Denver’s slow rollout of curbside composting pickup is about to accelerate as the city makes the paid service available in most far-northeast neighborhoods and, by year’s end, nearly citywide.
The city is launching two new composting routes that primarily will serve Montbello and Green Valley Ranch, along with a few other pockets. That expansion comes as Denver’s Department of Public Works prepares to convert another 35, 000 homes to 95-gallon black carts for trash pickup. Those deliveries will end a four-year phase-out of alley Dumpsters and customer-owned barrels so that all homes are on a uniform system.
Public Works also will drop off thousands more purple recycling carts at households that haven’t opted in for that free add-on service, part of a multi-year effort to nudge them into separating out plastics, glass and paper.
Denver last year notched a 20 percent diversion rate for recyclables and biodegradable waste, such as leftover food, that customers placed in separate bins, according to the city’s Solid Waste Management. The diversion rate increased from 16 percent in the past two years, but it’s still far short of the 34 percent goal set by city officials for 2020 — and is much lower than the rates of several other Front Range cities.
“We’re seeing slow but sure growth, ” Public Works spokeswoman Heather Burke said.
The Denver City Council on Monday approved a $2.2 million purchase order with manufacturer Toter for 45, 178 residential trash, recycling and compost carts.
Though such initiatives are likely to increase the trash diversion rate, critics including the Colorado Public Interest Research Group have pointed to other cities, including Seattle, that have had success with more aggressive waste-management approaches. Such policies include volume-based trash service pricing and requiring that residents use curbside composting, with no extra fee.
2 new composting routes, with 4 more on deck
After launching two new composting pickup routes in coming weeks, the city plans to roll out four more in the fall, after new trucks are delivered. The council had pushed for more routes during last year’s budget discussions.
“We have not routed these trucks yet but we are expecting to be able to offer service to almost all of the remaining areas of the city, ” said Charlotte Pitt, the manager of Denver Recycles.
She said her department recently mailed postcards to residents in the areas that will be served by the two latest routes to notify them they now are eligible to subscribe. For a fee of $29.25 every three months, city trucks will pick up food scraps, yard waste, soiled paper and other organic material that can be composted.
But Denver has faced low subscribership along its five existing compost pickup routes, with only about 10, 000 (12.5 percent) signing up. Even after 11 routes are in place this fall, serving 160, 000 households — twice the number currently eligible — Public Works projects that subscriptions will increase to just 20, 000.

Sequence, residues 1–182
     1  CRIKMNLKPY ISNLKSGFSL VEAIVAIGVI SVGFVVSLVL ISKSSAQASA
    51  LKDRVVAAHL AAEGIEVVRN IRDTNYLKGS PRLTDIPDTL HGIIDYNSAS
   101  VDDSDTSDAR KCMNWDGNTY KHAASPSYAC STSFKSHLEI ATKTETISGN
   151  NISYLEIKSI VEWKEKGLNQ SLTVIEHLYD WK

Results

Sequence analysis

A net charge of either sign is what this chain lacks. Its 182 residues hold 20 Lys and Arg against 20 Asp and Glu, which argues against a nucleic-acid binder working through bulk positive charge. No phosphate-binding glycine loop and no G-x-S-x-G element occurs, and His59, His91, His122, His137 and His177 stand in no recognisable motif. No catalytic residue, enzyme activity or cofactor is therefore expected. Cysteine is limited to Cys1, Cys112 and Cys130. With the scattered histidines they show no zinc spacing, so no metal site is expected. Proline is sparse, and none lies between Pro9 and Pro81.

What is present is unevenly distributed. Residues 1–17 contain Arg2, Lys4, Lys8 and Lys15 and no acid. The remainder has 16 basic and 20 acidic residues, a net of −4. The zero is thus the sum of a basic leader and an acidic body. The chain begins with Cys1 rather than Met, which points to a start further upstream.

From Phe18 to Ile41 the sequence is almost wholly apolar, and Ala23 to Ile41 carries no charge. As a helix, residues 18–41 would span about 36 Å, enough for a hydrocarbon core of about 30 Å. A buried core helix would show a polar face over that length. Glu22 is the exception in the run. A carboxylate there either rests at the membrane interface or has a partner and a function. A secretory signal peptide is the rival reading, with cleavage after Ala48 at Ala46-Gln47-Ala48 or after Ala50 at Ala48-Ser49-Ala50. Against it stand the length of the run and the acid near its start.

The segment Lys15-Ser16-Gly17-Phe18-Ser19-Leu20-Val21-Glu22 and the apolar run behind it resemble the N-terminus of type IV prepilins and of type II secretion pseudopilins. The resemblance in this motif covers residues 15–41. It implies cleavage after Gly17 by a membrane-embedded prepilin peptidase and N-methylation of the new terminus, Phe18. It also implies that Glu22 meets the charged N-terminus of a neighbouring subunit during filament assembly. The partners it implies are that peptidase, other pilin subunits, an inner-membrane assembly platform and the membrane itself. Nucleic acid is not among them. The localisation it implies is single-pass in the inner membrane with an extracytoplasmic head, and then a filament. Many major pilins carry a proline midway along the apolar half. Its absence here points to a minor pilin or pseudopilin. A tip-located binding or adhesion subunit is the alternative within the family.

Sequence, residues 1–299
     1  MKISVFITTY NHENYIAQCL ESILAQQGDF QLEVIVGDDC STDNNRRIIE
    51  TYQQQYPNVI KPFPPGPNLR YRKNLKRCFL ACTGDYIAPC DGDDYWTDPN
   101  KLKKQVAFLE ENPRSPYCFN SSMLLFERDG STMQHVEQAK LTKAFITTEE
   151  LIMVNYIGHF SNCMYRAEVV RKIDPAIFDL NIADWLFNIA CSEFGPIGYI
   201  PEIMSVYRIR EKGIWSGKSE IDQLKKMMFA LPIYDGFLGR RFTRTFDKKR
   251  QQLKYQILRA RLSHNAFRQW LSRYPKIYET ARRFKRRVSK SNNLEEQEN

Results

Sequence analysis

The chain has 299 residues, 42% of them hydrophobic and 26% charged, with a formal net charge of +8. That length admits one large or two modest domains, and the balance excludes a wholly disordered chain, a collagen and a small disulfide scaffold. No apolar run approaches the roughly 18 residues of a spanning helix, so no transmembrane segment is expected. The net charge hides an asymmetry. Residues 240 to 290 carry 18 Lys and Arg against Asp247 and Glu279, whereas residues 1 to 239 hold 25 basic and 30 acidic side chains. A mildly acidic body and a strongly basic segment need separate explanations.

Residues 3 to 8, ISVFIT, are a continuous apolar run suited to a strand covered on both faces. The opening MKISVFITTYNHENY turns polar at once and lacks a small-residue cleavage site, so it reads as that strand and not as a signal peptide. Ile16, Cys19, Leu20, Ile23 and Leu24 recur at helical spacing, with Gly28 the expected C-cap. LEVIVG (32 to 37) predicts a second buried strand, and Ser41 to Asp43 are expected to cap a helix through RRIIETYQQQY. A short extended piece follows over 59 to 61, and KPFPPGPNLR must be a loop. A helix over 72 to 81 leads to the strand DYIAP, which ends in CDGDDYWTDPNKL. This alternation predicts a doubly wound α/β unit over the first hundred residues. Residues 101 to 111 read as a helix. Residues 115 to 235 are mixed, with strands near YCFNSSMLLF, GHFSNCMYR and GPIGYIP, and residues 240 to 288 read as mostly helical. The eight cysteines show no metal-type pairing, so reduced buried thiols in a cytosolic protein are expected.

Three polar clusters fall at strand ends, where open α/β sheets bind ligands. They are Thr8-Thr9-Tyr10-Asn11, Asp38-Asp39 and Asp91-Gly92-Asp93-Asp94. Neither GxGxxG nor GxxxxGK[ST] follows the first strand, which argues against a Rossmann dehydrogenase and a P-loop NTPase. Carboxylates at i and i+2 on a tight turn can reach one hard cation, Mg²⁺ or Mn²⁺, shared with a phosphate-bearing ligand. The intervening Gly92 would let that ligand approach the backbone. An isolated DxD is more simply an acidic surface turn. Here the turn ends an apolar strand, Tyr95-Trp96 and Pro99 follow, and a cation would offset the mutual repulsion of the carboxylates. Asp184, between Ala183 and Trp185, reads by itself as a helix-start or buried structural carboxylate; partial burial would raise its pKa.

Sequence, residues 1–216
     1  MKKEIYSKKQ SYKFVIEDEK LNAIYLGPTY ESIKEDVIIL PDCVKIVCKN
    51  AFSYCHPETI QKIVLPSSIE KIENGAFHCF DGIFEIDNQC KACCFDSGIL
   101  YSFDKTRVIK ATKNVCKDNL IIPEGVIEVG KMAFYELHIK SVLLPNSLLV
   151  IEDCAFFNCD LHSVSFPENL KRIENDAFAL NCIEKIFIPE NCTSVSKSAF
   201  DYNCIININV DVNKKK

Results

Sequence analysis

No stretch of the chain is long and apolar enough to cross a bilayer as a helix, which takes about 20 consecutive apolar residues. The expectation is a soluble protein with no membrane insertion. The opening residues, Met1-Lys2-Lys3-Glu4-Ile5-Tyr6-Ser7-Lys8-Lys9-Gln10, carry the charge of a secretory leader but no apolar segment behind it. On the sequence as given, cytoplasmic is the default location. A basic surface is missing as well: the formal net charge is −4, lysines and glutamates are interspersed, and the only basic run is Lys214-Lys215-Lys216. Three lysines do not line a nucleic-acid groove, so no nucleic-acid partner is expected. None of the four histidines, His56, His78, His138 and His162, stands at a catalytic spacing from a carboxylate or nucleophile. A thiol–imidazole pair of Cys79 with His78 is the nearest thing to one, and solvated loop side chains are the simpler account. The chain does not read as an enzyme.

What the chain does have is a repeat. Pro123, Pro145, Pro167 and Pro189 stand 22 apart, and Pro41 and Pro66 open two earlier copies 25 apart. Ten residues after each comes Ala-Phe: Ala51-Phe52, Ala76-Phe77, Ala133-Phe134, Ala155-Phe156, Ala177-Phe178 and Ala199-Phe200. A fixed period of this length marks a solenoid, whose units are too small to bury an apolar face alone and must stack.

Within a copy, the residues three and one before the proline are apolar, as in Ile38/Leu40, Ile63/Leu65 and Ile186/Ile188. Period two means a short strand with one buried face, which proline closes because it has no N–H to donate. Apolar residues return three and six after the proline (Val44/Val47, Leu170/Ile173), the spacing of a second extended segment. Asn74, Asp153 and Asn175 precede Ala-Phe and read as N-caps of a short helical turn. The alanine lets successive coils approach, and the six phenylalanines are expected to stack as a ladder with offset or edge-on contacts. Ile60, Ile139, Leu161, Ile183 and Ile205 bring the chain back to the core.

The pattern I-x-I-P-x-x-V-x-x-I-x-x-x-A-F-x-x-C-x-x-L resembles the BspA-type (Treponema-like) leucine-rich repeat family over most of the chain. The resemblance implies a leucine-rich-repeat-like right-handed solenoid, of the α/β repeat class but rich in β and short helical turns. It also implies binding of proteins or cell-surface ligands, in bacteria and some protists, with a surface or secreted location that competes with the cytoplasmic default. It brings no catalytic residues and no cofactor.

This week’s cart order included 3, 108 green composting carts. Eventually, city officials hope to wrap composting pickup into the city taxes that pay for trash and recycling, but that is a budget question has not yet been answered.
Finishing trash cart conversion
Ultimately, the city’s solid waste plan calls for every household served by Denver Public Works — including single-family homes and multifamily buildings with up to seven units — to have three carts to make separation of their waste easy.
While it expands access to composting and works to get more households to recycle, Public Works since 2014 has been on a drive to remove alley Dumpsters, which sometimes attract illegal dumping, and get all homes to use the same large black bins.
Crews will deliver carts in three phases — to remaining southeast pockets in April, to near-downtown, central and northwest neighborhoods in July and August, and to east Denver homes in September. The city recently mailed postcards notifying affected households of the coming change.
Burke said areas that the city converted to the carts previously have seen an increase in recycling rates, possibly because of the smaller size of the carts and because customers typically keep the two carts together.
A modest boost for recycling
Denver long has treated curbside recycling as an opt-in service. But Pitt said pilot projects convinced Public Works officials that households that haven’t signed up often will make use of the purple carts if they’re dropped off.
City crews began doing that last year for the 18 percent of trash customers that haven’t asked for recycling pickup.
“We will be doing automatic delivery again this year in the areas getting trash carts and expect to deliver about 6, 500 recycling carts” in July, Pitt wrote in an e-mail. “After this year, we’ll have about 24, 000 homes that still need recycling carts, and we will take a year or two to get those out to homes.”